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Foot & Ankle

Arthrodesis after failed total ankle replacement

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We present a series of 16 patients treated between 1993 and 2006 who had a failed total ankle replacement converted to an arthrodesis using bone grafting with internal fixation. We used tricortical autograft from the iliac crest to preserve the height of the ankle, the malleoli and the subtalar joint. A successful arthrodesis was achieved at a mean of three months (1.5 to 4.5) in all patients except one, with rheumatoid arthritis and severe bone loss, who developed a nonunion and required further fixation with an intramedullary nail at one year after surgery, before obtaining satisfactory fusion. The post-operative American Orthopaedic Foot and Ankle Society score improved to a mean of 70 (41 to 87) with good patient satisfaction. From this series and an extensive review of the literature we have found that rates of fusion after failed total ankle replacement in patients with degenerative arthritis are high. We recommend our method of arthrodesis in this group of patients. A higher rate of nonunion is associated with rheumatoid arthritis which should be treated differently.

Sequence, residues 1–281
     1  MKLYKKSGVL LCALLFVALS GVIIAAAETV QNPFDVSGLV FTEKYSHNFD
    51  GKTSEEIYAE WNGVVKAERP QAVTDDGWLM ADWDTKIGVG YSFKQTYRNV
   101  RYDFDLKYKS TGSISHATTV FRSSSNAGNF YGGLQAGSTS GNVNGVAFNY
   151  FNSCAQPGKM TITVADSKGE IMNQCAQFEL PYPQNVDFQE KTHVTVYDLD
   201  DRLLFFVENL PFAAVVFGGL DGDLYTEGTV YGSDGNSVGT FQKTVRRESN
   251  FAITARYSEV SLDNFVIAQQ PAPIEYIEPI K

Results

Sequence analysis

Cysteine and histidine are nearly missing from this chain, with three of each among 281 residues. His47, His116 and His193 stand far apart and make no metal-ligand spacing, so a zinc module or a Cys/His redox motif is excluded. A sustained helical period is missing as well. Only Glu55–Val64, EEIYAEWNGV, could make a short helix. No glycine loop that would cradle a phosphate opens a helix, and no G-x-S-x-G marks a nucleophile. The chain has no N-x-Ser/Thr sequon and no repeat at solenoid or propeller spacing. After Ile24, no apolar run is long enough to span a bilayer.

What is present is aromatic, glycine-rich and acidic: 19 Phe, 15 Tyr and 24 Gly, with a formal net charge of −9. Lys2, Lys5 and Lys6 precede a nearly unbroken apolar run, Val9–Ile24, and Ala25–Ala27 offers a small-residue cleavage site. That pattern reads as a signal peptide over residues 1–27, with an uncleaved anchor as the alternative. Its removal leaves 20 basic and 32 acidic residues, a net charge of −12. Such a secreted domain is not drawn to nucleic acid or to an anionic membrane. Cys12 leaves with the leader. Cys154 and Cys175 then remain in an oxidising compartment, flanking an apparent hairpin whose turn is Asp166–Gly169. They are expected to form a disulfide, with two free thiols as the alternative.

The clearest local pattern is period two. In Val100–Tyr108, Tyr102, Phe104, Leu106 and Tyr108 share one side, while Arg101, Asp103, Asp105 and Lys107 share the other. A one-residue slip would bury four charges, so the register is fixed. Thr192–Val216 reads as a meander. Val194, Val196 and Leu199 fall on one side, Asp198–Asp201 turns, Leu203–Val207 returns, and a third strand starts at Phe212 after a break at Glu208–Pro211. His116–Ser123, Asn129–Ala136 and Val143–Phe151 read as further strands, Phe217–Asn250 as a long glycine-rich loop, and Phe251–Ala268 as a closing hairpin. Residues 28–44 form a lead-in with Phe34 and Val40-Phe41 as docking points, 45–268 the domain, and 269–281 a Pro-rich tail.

Correspondence should be sent to Mr P. Culpan; e-mail: paulculpan@doctors.net.uk

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